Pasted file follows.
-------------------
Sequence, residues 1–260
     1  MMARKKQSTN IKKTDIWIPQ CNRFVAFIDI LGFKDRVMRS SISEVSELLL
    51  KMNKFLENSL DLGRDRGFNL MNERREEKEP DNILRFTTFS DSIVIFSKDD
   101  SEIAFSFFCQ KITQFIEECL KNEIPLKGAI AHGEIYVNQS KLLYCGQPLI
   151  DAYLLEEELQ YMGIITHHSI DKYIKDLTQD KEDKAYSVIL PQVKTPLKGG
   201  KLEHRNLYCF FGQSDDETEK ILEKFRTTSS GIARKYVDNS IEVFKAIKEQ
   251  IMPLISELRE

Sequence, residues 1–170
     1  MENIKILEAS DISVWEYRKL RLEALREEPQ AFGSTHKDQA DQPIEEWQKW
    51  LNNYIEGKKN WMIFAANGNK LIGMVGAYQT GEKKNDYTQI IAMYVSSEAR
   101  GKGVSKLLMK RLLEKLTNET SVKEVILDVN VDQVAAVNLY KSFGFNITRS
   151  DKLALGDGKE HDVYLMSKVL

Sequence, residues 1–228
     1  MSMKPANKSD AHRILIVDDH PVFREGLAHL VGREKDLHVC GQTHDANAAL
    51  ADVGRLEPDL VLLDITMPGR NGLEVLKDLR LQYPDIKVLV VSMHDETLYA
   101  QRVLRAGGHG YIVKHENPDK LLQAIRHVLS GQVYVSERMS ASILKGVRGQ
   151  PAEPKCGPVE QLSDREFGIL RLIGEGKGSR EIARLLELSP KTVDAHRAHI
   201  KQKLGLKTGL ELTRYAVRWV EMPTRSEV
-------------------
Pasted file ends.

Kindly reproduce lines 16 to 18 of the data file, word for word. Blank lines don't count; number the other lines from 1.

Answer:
   101  QRVLRAGGHG YIVKHENPDK LLQAIRHVLS GQVYVSERMS ASILKGVRGQ
   151  PAEPKCGPVE QLSDREFGIL RLIGEGKGSR EIARLLELSP KTVDAHRAHI
   201  KQKLGLKTGL ELTRYAVRWV EMPTRSEV